Further, the VLRC has proposed that the court's powers be largely unfettered. For example, the VLRC has said that the court's power should not be limited to distribution of money only for the benefit of persons who are class members or who fall within the class description, and the court's general discretion to make such orders should not be limited to any proposal or agreement of the parties to the class action proceeding.
  • Any establishment of a civil Justice Fund must only encourage litigation. It is not clear how such a fund will prevent the inefficiencies and difficulties associated with legal aid funding in the past. Further, until recently, with the High Court's recognition of commercial litigation funding as permissible, no win-no fee and uplift costs agreements were the normal method of funding a class action in Australia. While some plaintiff lawyers also used other strategies to maximise the amount they could charge under the professional conduct rules, these prohibitions and caps have prevented Australian plaintiff lawyers from receiving the enormous fees reportedly earned by plaintiff lawyers in class actions in the United States. Adoption of the VLRC's proposals would provide a windfall for plaintiff lawyers, increasing the incentive to bring more speculative actions.

Is there a need for reform?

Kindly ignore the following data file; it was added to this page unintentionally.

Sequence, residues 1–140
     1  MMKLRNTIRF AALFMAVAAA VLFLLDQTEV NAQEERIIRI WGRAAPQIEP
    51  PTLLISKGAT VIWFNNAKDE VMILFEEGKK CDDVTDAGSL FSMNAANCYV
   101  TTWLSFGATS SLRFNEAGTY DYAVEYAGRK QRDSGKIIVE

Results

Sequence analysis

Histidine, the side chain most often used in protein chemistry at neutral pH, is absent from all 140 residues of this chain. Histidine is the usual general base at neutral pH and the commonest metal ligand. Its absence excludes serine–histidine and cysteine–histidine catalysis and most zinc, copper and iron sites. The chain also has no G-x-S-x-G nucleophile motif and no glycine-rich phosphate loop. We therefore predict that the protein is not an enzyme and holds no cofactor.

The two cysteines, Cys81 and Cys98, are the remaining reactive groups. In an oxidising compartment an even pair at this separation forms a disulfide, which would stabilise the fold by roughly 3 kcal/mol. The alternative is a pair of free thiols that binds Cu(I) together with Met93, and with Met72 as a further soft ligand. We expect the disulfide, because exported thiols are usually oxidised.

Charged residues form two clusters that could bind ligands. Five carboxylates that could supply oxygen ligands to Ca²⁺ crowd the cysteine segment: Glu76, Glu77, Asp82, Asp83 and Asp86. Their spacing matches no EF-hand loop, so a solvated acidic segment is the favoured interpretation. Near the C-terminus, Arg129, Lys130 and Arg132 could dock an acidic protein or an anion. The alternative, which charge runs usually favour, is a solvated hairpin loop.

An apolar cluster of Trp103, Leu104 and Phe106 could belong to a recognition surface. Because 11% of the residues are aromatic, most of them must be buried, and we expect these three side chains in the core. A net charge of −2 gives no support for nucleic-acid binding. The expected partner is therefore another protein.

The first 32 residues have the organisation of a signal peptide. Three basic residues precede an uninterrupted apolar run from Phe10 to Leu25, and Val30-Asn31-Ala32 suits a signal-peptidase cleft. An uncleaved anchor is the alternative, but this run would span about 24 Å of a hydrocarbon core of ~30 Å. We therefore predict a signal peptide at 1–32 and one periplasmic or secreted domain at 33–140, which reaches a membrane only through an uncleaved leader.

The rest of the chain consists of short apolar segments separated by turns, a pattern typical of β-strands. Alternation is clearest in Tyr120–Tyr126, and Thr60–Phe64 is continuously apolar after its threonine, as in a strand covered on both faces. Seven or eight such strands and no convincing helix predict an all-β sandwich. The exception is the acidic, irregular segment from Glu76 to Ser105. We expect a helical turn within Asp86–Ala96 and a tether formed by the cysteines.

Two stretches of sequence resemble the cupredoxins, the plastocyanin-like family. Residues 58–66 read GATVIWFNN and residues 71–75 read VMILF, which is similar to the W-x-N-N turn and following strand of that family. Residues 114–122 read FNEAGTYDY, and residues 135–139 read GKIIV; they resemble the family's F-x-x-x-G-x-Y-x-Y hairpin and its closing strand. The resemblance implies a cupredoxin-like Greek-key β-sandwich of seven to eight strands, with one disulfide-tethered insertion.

The Civil Justice Report proceeds on the unstated assumptions that there is a need to reform the law, that there are lacunae in the current regulations and that civil justice funding is presently inadequate. This is yet to be demonstrated.

The VLRC's proposals have been criticised as "read[ing] like a wish list for plaintiff lawyers" and "would make Victoria a veritable nirvana for plaintiff lawyers" - indeed, Dr Cashman has agreed that the proposed changes would attract class actions to the State of Victoria. In our view, the changes that have been suggested run counter to the legislative aims of the class action procedure and would sweep away the remaining safeguards that protect defendants.

We do not think that there is any need for reform. Judicial statements have been made to the effect that the class action mechanism is not to be construed narrowly so as to make it difficult to commence class actions or place barriers in the way of so doing. As a result, when key procedural issues have come before the courts (relating to the definition of the group, the role of the class applicant, identification and notification of group members concerning commonality, funding and security for costs, the court's power to terminate class actions, and court approvals of settlements), the court has been willing to facilitate the bringing of class actions, except in a very limited number of cases where they were manifestly inappropriate.